Schematic representation of theoretical decline in FEV1 with age. These data emphasise the variable rate at which disability and death are reached in the existence of a potentially “susceptible” population in whom the rate of decline in lung function is more rapid. Stopping smoking appears to be beneficial at all stages of the disease.

Despite its clinical and economic importance, COPD remains poorly understood and underdiagnosed. Studies from the UK and Europe suggest that at least half of those affected with COPD are undiagnosed. This is due to several factors. Milder COPD is relatively asymptomatic and patients see a “smokers' cough” or breathlessness as commensurate with smoking. Few GPs as yet perform screening with spirometry on at risk populations (smokers over 40) due to inadequate training and resources.

Certainly, there is little incentive for GPs to identify COPD systematically and to distinguish it from other respiratory disorders. Prescribing approaches are influenced as much by the age and social class of the patient as they are by any objective diagnostic criteria.5 There remains a strong feeling in both primary and secondary care that nothing can be done for these patients other than stopping smoking, advice which is often unwelcome. Blaming the patients for their plight is therefore attractive.

It is important that we should move away from the concept of a single therapeutic intervention towards overall patient management, involving not only smoking cessation and drug prescription but also encouraging greater exercise and attending to psychological and social well being. This is reflected in the British Thoracic Society guidelines which are a convenient source of reference in planning the care of patients with COPD.3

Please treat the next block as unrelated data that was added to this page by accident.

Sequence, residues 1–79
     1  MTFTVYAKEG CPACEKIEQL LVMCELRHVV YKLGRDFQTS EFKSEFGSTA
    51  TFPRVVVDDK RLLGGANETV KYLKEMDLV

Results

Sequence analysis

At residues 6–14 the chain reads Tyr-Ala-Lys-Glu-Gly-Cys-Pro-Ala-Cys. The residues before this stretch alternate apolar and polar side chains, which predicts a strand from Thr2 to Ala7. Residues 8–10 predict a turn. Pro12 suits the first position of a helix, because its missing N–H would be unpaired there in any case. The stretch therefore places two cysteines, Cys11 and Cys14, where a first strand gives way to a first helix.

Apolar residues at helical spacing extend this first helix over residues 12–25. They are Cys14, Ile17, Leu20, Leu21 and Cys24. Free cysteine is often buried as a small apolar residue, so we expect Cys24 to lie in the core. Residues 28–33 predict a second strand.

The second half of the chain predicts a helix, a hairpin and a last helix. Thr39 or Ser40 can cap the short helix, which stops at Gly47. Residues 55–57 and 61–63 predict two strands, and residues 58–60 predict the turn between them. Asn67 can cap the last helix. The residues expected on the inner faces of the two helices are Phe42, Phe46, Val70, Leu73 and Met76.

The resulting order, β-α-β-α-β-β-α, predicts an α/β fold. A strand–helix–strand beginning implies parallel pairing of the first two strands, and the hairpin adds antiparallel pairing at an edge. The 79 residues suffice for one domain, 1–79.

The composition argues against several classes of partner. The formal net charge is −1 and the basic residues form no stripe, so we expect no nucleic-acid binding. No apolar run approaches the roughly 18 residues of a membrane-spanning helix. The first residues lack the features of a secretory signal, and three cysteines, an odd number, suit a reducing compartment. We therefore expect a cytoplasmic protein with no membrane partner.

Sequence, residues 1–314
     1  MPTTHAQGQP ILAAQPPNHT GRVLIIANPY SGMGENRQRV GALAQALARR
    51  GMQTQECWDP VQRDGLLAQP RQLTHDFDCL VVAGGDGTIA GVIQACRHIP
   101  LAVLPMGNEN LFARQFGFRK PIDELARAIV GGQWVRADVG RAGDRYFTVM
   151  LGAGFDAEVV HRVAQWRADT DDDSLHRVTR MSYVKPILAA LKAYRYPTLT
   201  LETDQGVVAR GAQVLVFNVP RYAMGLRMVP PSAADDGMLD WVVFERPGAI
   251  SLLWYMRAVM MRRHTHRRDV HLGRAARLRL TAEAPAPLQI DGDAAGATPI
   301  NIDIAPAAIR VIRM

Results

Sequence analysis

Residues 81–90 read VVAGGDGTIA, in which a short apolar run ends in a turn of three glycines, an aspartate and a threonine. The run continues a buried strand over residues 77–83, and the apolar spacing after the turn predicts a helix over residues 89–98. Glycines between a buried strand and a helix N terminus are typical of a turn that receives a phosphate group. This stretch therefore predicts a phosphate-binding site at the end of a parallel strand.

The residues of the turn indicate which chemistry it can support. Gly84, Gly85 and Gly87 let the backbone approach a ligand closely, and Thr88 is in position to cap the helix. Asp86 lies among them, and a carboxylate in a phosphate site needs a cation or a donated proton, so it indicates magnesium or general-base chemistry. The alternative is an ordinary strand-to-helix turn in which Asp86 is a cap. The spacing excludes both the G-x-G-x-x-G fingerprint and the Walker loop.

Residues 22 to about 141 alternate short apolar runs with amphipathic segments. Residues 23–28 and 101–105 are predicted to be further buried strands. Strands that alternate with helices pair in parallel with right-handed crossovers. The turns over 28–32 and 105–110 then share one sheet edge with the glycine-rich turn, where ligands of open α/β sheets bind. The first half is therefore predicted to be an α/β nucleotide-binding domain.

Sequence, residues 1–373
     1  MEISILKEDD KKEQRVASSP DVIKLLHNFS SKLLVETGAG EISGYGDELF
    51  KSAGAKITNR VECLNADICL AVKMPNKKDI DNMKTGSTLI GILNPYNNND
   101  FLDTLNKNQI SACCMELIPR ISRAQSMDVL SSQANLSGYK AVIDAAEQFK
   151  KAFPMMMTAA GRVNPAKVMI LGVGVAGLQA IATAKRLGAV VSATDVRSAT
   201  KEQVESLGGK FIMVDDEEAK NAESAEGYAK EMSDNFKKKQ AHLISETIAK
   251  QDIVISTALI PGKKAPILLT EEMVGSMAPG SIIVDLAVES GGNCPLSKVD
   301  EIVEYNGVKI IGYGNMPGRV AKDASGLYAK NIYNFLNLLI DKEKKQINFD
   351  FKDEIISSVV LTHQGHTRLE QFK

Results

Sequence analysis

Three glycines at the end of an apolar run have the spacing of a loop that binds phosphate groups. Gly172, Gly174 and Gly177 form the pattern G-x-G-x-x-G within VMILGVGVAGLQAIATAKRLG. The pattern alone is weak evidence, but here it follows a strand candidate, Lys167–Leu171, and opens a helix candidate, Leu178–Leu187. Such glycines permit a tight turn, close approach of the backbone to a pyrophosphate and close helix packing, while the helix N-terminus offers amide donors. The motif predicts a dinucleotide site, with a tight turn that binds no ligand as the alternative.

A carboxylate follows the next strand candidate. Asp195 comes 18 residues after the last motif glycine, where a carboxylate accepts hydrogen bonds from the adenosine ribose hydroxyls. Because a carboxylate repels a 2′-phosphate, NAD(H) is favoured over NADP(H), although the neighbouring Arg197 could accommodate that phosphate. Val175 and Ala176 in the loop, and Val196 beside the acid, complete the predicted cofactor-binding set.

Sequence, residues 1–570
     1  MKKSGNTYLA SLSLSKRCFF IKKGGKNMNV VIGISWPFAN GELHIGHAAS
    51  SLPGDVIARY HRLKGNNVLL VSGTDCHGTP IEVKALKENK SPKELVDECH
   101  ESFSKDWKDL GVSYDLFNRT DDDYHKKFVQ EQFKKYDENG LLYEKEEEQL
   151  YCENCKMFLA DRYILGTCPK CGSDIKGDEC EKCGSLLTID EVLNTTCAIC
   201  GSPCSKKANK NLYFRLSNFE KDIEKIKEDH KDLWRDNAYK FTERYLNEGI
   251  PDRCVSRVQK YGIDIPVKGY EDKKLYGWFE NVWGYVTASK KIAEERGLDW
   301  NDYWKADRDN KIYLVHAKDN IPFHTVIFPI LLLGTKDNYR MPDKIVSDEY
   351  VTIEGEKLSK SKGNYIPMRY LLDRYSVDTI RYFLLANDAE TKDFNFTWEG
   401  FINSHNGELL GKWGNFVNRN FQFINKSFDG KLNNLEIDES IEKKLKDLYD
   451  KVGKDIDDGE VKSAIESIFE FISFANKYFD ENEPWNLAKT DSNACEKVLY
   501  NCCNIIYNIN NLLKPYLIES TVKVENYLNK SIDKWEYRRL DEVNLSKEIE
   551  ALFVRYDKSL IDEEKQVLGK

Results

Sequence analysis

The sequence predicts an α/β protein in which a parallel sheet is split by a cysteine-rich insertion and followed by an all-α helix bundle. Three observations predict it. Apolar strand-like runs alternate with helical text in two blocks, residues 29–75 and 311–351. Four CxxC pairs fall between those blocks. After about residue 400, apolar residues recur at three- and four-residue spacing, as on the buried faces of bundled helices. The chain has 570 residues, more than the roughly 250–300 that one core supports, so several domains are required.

COPD is now defined differently from previous symptomatic and pathological definitions. The key elements are summarised in the box. COPD almost certainly represents a mixture of pathological processes modified by different degrees of genetically determined host susceptibility. Some of these variants may pursue a sufficiently discrete and characteristic course that, with better cellular and biochemical markers, we may be able to define them as separate diseases. However, our existing tools do not make such a clear distinction possible or even very helpful. Although the term chronic obstructive pulmonary disease may not be perfect, it is likely to remain in use for the foreseeable future and should be encouraged.

Definitions and diagnosis

Chronic obstructive pulmonary disease is a chronic, slowly progressive disorder characterised by airways obstruction (FEV1 <80% predicted and FEV1/FVC ratio <70%) which does not change markedly over several months. The impairment of lung function is largely fixed but is partially reversible by bronchodilator (or other) therapy.  In clinical practice the diagnosis involves: